NHS: Cultural unease about doctors, power and cash
On the windswept celtic edge of Britain there is a small GP practice that I know well. I bump into the guys when I'm on holiday, often in the pub, or on the beach. We talk about rugby, they pass judgements on the latest minor politician to get the job of health secretary.
Occasionally, being inveterate medics, they slip sneaky questions into the conversation designed to find out about my health. And occasionally I tell them about my own GP in London, which makes them go pale and order another pint.
I'm registered with a busy London GP surgery that has decided to be a kind of primary health factory. You can walk in and get seen quickly; there are numerous clinic-style services; the receptionists are friendly and efficient. But in two years I have never seen the same doctor twice.
Most of my encounters have followed a pattern: I describe, as clearly as possible and using medical terminology, what my long term conditions are; they scan the notes on the computer to check this is true; they make a brief binary choice: is the problem simple enough to be resolved by tablets or complex enough to send off into the hospital system?
It works. In fact it works better than trying to be a village GP in a city.
However, and this is no judgement on the various individual doctors, I feel my mates on the beach will know their patients better; be more accountable if things go wrong etc.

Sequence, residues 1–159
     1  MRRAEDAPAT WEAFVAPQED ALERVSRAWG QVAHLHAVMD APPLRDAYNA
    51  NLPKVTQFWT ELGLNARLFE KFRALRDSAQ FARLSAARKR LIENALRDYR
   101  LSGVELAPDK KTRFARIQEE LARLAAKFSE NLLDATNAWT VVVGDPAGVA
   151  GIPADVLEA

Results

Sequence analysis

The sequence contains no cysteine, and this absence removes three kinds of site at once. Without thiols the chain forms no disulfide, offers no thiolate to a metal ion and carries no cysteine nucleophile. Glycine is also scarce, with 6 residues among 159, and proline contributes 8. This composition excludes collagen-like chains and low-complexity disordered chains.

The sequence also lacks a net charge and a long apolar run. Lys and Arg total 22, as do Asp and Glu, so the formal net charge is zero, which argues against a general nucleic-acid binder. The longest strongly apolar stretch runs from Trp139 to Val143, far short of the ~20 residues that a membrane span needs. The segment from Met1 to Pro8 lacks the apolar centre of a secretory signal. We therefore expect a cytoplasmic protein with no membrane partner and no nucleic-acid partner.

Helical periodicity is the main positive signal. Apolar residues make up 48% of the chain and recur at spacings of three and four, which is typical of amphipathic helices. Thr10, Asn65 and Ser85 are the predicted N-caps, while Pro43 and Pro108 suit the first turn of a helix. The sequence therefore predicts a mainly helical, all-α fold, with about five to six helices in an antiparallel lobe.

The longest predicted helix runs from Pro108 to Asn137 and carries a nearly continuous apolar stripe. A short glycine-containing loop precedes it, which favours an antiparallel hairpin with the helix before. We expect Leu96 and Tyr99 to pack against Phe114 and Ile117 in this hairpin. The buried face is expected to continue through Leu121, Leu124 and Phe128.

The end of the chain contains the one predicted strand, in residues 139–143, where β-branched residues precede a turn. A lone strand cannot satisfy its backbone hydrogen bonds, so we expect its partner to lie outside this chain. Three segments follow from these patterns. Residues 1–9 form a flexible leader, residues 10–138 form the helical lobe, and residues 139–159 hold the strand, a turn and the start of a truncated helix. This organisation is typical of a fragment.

So why is this relevant to the NHS Bill fiasco we've just seen played out in parliament?
Well my mates on the beach want, primarily, to be doctors; but increasing numbers of big-clinic health factory style GPs have expressed the desire to be "commissioners". And this has touched a nagging nerve among the English middle classes (I say English because the main thrust of the Bill does not apply to the rest of the UK).
What the NHS Bill has run into is various forms of lingering unease among the public about private involvement, unequal treatment and the pecuniary motives of doctors. It is as much cultural as about economics or health.
Most people now realise that individual GPs are earning a heck of a lot of money. For that, many people would prefer some modicum of continuity and holism in their primary healthcare - but some, like me, will swap it for quick, no-nonsense treatment, above all, swift triage into the specialist/hospital system when necessary
As people began to realise the new system would reward those very GPs who had begun to form mini health factories, and give them ultimate power - and heard stories of health bureaucrats eagerly quitting their jobs on PCTs to form "commissioning support" companies - there arose a cultural worry that I think lies behind all the technical and economic objections to the Bill.
Because everybody who's been to hospital knows that hospitals are full of specialists who know a lot about a specific subject, and full of hi-tech equipment. Meanwhile GP surgeries are full of harassed docs who know a little bit about everything, and inhabit the world of coughing grannies and sick children. The concern arose as to whether these GP clinics could effectively spend £60bn on the health needs and "choices" of people they only really know from a computer file.
As long as the NHS looked like a big, complex, half-market/half-state monolith all these fears about "doctors on the make", health fatcats leaving the NHS to become management consultants the next day on twice the money - which were always there - remained submerged.
But once the NHS internal market is perfected, and transparent, even if it only exists as yet on paper, these worries about money, accountability and power bubble to the surface.